Changes to State Workers’ Compensation System Could Reduce Costs, Audit Finds
Changes to the state's $29 billion workers' compensation system signed into law last year could "put a significant dent" in some of the program's costs, including outpatient surgery center costs and prescription drug costs, according to an audit by the Bureau of State Audits, the Los Angeles Times reports (Lifsher, Los Angeles Times, 1/28). In September, former Gov. Gray Davis (D) signed into law two bills (AB 227 and SB 228) regarding workers' compensation that established fee schedules for treatments and prescription drugs; limited chiropractic and physical therapy visits; implemented reviews that use national standards to determine the proper amount of care for certain injuries; and increased penalties for employer fraud from $50,000 to $150,000 (California Healthline, 12/04/03). The audit, released Tuesday, found that changes to the system included in the laws could decrease the average cost of treating workplace injuries at outpatient surgical centers by 58%. In addition, the audit, which was based on data collected by the State Compensation Insurance Fund, found that some changes could reduce prescription drug costs for the program by about 25%.
The Times reports that it is unclear if the savings "will translate into the significant cuts" in workers' compensation insurance premiums that businesses say are needed. Workers' compensation insurance premiums in California are twice the national average (Los Angeles Times, 1/28). After passage of the bills, Insurance Commissioner John Garamendi (D) recommended a 14.9% cut in workers' compensation insurance premiums. However, the average premium rate reduction for 2004 is 3.6%, which includes a 2.9% premium reduction by State Fund, which provides workers' compensation insurance to more than half of California employers (California Healthline, 12/04/03). The audit said that State Fund was slow to implement the reforms, the Times reports.
William Zachry, vice president for workers' compensation for grocery store chain Safeway, said that "last year's reforms were on the right track," but they "only addressed medical issues." However, Thomas Rankin, president of the California Labor Federation, said, "What we see is not being reflected in the rates being charged [to] employers this year." He added that if premiums do not "soon fall sharply," labor leaders and Democratic lawmakers could introduce a bill that would require state regulation of workers' compensation insurance premium rates. A spokesperson for Gov. Arnold Schwarzenegger (R) called the audit's projections "welcome" but added that "this in no way relieves the need for the Legislature to act quickly" (Los Angeles Times, 1/28). At a press conference Tuesday, Schwarzenegger "chided" state lawmakers for "moving slowly" on his request for a workers' compensation reform package to be approved by the Legislature by March 1, the San Jose Mercury News reports. The state legislators "can't [send a reform package] because a lot of them are owing things to the special interests," Schwarzenegger said, adding, "Now they are scrambling: 'What do I do about the trial lawyers? What do I do about the insurance companies?'" However, Sen. Richard Alarcon (D-Van Nuys) said, "I'm not going be threatened to move forward in a matter of eight weeks just because somebody wants to meet their political rhetoric" (Nissenbaum, San Jose Mercury News, 1/28).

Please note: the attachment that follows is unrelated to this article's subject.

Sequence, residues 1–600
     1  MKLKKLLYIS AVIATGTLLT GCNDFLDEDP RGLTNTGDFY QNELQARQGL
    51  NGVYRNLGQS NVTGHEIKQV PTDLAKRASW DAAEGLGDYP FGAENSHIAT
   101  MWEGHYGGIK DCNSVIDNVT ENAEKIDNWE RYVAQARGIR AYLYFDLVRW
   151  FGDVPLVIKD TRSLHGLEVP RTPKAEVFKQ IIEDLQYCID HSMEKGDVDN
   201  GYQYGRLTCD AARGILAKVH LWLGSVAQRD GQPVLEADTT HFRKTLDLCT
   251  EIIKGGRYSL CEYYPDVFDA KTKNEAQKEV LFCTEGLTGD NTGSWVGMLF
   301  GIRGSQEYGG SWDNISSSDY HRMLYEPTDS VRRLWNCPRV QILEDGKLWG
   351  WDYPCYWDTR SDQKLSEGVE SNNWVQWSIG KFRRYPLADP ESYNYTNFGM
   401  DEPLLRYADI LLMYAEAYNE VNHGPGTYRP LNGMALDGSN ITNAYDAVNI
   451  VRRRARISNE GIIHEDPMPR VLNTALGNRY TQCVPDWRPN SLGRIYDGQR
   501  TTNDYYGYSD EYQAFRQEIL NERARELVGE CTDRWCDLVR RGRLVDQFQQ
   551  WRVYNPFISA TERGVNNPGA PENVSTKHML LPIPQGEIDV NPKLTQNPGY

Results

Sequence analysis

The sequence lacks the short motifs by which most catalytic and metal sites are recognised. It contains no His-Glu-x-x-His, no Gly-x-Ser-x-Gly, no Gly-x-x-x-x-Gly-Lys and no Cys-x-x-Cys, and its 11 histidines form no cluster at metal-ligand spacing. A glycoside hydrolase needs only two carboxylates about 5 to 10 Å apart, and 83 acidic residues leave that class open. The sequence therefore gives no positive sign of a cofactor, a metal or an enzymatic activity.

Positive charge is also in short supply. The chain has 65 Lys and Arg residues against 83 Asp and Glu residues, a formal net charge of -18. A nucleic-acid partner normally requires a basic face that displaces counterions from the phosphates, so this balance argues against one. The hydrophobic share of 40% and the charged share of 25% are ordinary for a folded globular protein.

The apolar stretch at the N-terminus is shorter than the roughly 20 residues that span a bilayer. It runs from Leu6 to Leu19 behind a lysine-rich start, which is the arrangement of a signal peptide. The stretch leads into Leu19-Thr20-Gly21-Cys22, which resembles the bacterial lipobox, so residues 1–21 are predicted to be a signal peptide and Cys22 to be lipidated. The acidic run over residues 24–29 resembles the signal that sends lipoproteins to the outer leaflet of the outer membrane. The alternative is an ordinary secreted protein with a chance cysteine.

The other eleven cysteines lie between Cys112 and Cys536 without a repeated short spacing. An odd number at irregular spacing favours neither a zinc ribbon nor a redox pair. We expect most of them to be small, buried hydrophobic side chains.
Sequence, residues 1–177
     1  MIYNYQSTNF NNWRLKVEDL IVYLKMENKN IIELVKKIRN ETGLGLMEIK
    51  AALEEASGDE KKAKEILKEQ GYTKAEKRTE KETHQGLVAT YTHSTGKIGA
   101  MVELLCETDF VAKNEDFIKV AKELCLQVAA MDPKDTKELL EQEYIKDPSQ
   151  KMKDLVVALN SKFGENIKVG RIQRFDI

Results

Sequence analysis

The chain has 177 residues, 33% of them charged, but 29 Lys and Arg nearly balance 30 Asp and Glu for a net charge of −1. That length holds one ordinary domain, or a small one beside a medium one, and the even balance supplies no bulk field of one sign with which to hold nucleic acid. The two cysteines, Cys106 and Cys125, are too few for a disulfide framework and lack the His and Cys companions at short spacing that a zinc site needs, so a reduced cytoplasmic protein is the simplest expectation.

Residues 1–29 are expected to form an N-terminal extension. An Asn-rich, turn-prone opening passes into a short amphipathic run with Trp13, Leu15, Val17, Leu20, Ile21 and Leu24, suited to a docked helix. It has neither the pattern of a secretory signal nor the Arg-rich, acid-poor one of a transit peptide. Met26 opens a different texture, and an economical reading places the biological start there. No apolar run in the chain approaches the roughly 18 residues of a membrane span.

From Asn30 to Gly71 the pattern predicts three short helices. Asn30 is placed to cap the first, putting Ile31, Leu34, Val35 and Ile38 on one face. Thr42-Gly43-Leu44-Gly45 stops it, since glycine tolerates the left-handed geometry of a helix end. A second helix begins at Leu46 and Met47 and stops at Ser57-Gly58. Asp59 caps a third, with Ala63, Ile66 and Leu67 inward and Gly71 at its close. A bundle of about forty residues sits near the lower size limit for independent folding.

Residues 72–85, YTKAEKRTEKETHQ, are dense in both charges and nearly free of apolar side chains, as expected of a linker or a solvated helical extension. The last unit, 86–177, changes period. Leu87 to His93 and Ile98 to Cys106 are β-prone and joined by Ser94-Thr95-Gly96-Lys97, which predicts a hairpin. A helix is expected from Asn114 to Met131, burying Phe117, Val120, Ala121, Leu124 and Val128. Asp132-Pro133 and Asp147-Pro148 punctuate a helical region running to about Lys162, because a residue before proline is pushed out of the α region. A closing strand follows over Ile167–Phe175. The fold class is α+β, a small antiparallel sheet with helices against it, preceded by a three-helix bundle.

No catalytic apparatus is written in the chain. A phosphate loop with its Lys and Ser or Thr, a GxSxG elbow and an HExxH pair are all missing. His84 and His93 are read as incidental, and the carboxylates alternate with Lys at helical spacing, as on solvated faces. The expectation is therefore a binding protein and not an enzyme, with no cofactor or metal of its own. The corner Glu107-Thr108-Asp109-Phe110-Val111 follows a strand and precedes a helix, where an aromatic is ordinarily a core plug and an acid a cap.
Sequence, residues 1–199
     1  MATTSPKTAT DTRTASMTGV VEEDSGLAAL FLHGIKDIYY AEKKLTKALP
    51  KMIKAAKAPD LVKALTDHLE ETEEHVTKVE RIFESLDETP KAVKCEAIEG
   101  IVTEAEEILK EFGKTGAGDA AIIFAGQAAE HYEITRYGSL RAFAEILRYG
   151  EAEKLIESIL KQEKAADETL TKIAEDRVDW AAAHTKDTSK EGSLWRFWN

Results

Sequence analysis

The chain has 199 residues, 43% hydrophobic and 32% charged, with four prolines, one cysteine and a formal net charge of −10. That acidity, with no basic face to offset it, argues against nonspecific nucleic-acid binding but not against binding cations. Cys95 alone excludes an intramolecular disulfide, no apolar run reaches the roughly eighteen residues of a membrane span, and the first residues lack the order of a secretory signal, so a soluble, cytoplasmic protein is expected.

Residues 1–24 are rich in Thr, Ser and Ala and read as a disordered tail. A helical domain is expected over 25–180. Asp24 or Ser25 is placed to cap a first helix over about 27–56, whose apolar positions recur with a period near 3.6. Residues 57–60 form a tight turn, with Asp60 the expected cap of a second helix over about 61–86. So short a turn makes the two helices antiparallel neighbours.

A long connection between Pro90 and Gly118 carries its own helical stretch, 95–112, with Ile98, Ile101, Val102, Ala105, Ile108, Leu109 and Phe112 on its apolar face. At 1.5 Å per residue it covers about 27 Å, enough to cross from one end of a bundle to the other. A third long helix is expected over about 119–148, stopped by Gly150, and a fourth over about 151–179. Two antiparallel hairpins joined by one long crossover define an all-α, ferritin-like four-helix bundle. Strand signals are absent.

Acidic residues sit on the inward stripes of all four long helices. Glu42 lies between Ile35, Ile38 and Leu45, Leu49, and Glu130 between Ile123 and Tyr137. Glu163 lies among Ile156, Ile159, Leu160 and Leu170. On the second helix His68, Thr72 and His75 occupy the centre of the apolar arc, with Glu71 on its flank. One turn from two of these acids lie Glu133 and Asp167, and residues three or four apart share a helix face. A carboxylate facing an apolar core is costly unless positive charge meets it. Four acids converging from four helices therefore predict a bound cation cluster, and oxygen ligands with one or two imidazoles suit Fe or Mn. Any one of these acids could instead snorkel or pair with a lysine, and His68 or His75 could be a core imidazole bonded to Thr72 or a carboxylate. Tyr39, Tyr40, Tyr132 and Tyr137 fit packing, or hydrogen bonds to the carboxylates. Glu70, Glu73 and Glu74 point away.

In other workers' compensation news, a review of the 2004 California labor code last week found that the Division of Workers' Compensation has funding to operate only for the next five weeks because of an "embarrassing legislative faux pas," the Sacramento Bee reports. The division, which employs 855 people, monitors workers' compensation claims, and its administrative courts hear disputes over workers' compensation benefits. Laws signed in September that made changes to the state workers' compensation system changed the funding source for the division. Under the laws, beginning Jan. 1, the division's $103.4 million annual budget would be funded entirely with surcharges that insurers levy on employers. The state general fund previously provided about 80% of the division's budget. About 10 days after signing the workers' compensation reforms, Davis signed a budget implementation bill that included language from the old funding formula for the division; however, lawmakers did not include money in the most recent budget for the division because of the new funding schedule. Legally, the more recent implementation bill takes precedence over the reform bills, the Bee reports. According to the Bee, Democratic lawmakers are expected to try to win approval for emergency legislation to provide the $54.6 million needed to fund the division for the rest of the year, but such an emergency measure would require Republican support to get the two-thirds majority required for passage. Sen. Chuck Poochigian (R-Fresno) said that such a measure could face opposition. He said, "The work of the division is important. The question is what the source of funding will be." State and insurance industry officials worry that if the Legislature fails to pass an emergency funding measure, the "funding crisis might hinder the division's implementation of new workers' compensation reform laws," the Bee reports (Chan, Sacramento Bee, 1/28).This is part of the California Healthline Daily Edition, a summary of health policy coverage from major news organizations. Sign up for an email subscription.